In the years when I kept files of newspaper articles and magazine essays—the world before Google search –the largest file was one I called “the politics of self-deception.” Drawn in by the insights of John Owen, the 17th-century Oxford University vice-chancellor and theologian, and Stanley Hauerwas, the contemporary Duke University theologian, I began to see the world through the lens of our predisposition to self-deception. We lie to ourselves about ourselves.

It is not a modern problem, or even a premodern or postmodern problem. It is not a conservative problem or a liberal problem. It is not capitalist problem, nor is it a communist problem. It is not a Northern hemisphere problem or a Southern hemisphere problem. It is a human problem.

At the end of every semester I would give a lecture on the political costs of self-deception, looking back at history as well as examining the current debates of the city of Washington and the world. Though the parameters of the problem were perennial in character, the particulars were always new. Year by year, human beings as we are—glories and ruins as we are –we offer to ourselves one more good reason to deceive ourselves about ourselves, and there are political consequences.

The examples are legion, and they are from all over the world.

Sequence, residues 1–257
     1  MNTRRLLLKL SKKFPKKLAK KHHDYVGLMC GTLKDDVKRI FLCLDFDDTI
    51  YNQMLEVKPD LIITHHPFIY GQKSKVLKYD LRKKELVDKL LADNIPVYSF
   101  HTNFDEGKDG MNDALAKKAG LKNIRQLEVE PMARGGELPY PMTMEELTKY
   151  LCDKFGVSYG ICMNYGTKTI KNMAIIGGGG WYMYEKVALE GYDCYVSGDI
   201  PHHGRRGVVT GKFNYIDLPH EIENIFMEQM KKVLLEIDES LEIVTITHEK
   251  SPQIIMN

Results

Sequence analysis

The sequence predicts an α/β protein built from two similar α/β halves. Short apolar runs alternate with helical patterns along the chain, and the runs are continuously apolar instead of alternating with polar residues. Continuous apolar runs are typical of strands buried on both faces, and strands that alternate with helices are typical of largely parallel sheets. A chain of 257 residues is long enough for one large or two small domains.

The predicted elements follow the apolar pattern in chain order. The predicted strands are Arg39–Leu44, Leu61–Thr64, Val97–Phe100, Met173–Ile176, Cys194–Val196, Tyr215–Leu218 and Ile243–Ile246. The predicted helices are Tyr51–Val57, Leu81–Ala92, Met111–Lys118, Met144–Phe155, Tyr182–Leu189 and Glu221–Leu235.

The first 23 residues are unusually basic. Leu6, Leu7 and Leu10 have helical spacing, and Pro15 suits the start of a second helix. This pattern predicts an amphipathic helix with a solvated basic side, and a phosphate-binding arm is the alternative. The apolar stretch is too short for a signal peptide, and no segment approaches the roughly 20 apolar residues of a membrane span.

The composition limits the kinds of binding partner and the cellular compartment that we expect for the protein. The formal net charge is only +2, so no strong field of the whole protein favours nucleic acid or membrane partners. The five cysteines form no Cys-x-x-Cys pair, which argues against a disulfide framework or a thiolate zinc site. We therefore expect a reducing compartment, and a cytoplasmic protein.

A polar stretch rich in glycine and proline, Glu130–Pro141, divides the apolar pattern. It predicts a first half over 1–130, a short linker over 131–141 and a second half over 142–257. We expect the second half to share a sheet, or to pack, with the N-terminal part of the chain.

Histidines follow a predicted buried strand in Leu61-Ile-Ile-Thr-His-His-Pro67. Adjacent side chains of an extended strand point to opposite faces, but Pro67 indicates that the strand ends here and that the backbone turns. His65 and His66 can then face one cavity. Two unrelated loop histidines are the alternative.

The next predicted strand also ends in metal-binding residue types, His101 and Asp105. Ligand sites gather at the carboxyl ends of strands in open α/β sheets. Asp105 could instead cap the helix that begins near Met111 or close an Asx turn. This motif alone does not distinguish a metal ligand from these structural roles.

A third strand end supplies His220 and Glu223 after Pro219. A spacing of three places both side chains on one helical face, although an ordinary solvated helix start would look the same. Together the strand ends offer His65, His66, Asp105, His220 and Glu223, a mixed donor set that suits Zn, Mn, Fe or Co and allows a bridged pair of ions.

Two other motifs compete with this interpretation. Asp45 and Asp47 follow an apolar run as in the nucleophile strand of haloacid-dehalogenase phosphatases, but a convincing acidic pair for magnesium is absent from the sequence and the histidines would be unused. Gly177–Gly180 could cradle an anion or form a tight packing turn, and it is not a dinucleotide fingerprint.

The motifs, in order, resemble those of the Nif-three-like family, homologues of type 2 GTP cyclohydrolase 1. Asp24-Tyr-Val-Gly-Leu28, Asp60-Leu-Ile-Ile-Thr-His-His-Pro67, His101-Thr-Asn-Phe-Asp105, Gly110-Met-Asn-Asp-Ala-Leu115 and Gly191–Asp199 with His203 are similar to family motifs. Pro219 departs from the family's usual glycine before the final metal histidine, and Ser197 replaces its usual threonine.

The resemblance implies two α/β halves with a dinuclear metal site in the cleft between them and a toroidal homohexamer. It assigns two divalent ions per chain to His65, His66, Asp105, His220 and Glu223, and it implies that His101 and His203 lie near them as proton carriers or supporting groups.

Reading an op-ed in the Washington Post today, I remembered my file, and the lecture that grew out of it. Robert Samuelson is one of the Post’s writers who cannot be put into a partisan box; he is neither notably liberal nor is he notably conservative. The focus of his writing is always on business and economic life, and he does not write on other issues. Provocatively titled, “Where’s the Clinton-Bush apology tour?” Samuelson, some tongue-in-cheek, suggests that our former presidents take up a truth tour over the next year, both confessing their culpability in our present economic distress, but also requiring of the upcoming presidential campaign that it not live in an economic fantasy-land.

These are his final words. “Our political system prefers rhetorical fairy tales to unpleasant budget realities.” The politics of self-deception—yes, we lie to ourselves about ourselves.

Steven Garber is the Senior Fellow for Vocation and the Common Good for the M. J. Murdock Charitable Trust. A teacher of many people in many places, he continues to serve as a consultant to colleges and corporations, facilitating both individual and institutional vocation. A husband, a father and a grandfather, a he has long lived in Washington DC, living a life among family, friends, and flowers.

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